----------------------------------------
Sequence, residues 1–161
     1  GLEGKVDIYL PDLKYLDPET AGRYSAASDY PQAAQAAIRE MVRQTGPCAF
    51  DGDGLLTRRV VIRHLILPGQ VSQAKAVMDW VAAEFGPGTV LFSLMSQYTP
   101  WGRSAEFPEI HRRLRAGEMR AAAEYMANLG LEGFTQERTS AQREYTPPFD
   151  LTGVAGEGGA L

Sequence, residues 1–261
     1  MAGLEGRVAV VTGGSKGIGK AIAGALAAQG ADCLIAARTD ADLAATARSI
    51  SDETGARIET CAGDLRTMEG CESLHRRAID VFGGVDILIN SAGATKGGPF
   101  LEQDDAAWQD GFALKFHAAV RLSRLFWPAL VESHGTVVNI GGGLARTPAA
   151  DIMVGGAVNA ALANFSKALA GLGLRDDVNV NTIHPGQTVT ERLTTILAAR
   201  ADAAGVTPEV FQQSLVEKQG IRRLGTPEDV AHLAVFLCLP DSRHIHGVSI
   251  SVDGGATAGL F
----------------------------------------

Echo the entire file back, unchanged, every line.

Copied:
Sequence, residues 1–161
     1  GLEGKVDIYL PDLKYLDPET AGRYSAASDY PQAAQAAIRE MVRQTGPCAF
    51  DGDGLLTRRV VIRHLILPGQ VSQAKAVMDW VAAEFGPGTV LFSLMSQYTP
   101  WGRSAEFPEI HRRLRAGEMR AAAEYMANLG LEGFTQERTS AQREYTPPFD
   151  LTGVAGEGGA L

Sequence, residues 1–261
     1  MAGLEGRVAV VTGGSKGIGK AIAGALAAQG ADCLIAARTD ADLAATARSI
    51  SDETGARIET CAGDLRTMEG CESLHRRAID VFGGVDILIN SAGATKGGPF
   101  LEQDDAAWQD GFALKFHAAV RLSRLFWPAL VESHGTVVNI GGGLARTPAA
   151  DIMVGGAVNA ALANFSKALA GLGLRDDVNV NTIHPGQTVT ERLTTILAAR
   201  ADAAGVTPEV FQQSLVEKQG IRRLGTPEDV AHLAVFLCLP DSRHIHGVSI
   251  SVDGGATAGL F